Hip Replacement

Hip Replacement

Description Of The Injury: When an injury or disease has not positively reacted via conservative or alternative treatment, hip replacement surgery may be necessary. This is most common for those who suffer from osteoarthritis and in treating a broken hip in the elderly population. Hip replacement replaces parts of the hip joint with artificial prosthesis which will result in increased mobility and comfort.

Injury Symptoms: Symptoms of a persistent injury that may need hip replacement surgery include pain that affects your ability to sleep, pain that is not relieved by medication and an inability to engage in basic movement. A broken hip, bone tumor, or severe osteoarthritis may also be signs for hip replacement.

Additional Information

Home Treatments:

After the hip replacement surgery has occurred, and you have been discharged from the hospital, home treatment will be critical. This primarily involves the adherence of a blood thinning medication if you have been prescribed one and adjusting to limited mobility around the home. Firm pillows should be used on seats, repetitive bending at the hip should be avoided, especially when picking up objects from the ground or climbing the stairs often.

Professional Medical Treatments:

Surgery is necessary for hip replacement. A general anesthesia or a spinal block will be given to numb the hip area. Damaged bone and tissue will be removed and a prosthetic socket will replace the damaged socket. Similarly, a damaged femur ball will be replaced with a prosthetic one. The surgery will usually last 2-3 hours.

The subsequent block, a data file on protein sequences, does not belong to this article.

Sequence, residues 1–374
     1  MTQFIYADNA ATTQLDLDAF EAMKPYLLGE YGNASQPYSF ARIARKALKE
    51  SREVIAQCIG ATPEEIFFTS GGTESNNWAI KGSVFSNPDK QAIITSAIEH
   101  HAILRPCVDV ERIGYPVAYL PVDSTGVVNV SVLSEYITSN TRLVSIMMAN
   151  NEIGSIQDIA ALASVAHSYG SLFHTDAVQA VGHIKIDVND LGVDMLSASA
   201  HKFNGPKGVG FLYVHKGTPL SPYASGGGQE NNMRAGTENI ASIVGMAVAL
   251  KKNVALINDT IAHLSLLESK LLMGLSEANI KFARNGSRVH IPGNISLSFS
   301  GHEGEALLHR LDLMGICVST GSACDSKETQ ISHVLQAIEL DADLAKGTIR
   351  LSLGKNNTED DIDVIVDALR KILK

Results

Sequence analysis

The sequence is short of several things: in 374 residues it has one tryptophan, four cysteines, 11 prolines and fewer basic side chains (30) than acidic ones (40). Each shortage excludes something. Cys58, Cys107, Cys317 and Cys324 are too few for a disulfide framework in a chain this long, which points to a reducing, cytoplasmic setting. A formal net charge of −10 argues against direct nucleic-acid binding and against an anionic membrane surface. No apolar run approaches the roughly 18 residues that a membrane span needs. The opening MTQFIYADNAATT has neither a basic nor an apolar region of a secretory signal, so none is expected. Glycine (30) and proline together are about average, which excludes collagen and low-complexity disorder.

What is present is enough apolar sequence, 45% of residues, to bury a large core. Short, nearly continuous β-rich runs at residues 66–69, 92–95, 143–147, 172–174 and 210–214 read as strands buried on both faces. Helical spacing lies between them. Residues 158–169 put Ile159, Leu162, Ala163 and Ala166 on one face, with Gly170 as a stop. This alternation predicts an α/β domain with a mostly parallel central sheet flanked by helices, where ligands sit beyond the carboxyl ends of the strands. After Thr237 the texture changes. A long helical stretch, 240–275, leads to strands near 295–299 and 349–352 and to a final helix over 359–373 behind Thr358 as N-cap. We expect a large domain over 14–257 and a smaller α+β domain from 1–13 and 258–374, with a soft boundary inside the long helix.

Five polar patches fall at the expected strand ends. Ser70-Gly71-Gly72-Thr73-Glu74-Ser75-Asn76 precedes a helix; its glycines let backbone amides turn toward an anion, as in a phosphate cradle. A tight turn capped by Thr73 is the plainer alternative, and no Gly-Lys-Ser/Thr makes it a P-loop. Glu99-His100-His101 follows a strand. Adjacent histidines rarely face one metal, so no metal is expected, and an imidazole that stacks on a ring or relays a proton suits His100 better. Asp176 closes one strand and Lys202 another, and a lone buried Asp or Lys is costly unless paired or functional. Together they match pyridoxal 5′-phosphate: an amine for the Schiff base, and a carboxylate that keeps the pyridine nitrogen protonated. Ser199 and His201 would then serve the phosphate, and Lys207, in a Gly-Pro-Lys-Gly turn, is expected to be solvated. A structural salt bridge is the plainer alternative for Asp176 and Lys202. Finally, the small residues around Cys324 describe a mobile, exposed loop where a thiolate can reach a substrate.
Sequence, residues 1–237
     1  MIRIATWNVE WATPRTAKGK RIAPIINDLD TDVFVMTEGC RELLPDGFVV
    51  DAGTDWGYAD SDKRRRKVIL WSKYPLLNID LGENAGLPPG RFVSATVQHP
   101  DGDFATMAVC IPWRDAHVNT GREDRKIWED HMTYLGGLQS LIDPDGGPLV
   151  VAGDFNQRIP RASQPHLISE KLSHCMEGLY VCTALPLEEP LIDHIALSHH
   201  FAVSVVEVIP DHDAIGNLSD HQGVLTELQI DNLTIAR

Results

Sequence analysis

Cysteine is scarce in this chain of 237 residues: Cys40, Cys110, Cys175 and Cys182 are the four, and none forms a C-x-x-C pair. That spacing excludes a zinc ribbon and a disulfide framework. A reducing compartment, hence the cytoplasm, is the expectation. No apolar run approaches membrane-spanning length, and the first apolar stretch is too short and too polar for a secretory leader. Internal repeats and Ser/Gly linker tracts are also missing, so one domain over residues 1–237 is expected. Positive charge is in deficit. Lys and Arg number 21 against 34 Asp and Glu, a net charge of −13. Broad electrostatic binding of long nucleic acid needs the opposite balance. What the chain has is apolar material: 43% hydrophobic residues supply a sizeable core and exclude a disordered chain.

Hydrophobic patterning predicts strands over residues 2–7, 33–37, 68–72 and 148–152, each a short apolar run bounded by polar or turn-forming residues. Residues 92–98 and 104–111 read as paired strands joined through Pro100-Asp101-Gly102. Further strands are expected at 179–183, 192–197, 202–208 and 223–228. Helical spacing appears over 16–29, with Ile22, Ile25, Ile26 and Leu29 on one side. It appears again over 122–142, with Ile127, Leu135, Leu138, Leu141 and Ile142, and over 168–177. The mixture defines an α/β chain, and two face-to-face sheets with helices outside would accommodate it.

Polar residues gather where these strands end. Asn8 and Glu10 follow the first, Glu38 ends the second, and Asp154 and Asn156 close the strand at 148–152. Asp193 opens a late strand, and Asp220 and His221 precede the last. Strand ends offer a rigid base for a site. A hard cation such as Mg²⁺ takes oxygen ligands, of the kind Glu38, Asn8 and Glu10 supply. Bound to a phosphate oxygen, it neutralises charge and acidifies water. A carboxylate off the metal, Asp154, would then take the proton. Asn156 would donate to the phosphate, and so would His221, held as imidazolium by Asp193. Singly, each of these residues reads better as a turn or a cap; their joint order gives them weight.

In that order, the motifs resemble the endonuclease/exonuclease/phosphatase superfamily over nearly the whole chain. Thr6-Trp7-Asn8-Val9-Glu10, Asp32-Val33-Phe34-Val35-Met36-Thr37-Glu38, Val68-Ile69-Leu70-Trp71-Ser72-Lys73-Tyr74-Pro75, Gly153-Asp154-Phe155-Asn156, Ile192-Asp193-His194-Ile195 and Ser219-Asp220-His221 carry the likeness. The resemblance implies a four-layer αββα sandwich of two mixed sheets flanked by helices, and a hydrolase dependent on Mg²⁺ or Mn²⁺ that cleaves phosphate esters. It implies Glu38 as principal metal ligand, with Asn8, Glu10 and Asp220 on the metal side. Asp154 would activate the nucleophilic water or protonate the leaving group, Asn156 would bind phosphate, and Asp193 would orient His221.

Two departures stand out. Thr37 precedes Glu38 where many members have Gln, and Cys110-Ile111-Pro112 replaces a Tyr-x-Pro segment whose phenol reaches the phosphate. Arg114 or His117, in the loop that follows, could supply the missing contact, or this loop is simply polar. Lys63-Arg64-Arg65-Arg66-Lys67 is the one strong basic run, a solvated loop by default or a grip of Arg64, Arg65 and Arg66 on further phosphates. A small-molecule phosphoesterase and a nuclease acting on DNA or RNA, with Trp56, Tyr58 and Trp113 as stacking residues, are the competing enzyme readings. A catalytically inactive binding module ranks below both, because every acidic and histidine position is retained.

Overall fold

Physical Therapy and Exercises:

Hip replacement requires the use of physical therapy to recover general mobility and hip function. The exercises will initially focus on the recovery of minor movements such as ankle pumps, ankle rotations, buttock contractions and knee bends while laying down. Exercises progress once the person is able to stand on their new hip. These exercises include standing hip abduction, hip extensions, standing knee raises and straight leg raises. Walking with an walker or cane will eventually progress to non-assisted walking and stair climbing. Protentus sulankstomi ir prekybiniai stalai, greito surinkimo bei prekybinės palapinės

Exercise Techniques to Prevent Injury:

Prevention first begins with the treatment of diseases and injuries that are precursors to hip replacement. Treating a hip fracture properly, catching a hip bone tumor early and aggressive treatment of osteoarthritis or rhematoid arthritis will reduce the chance of needing a hip replacement. Maintaining strong core strength via abdominal exercises, lower back exercises, leg presses, hip flexion and extension stretches and via impact activities such as jogging will go a long way in preventing the need for a hip replacement.

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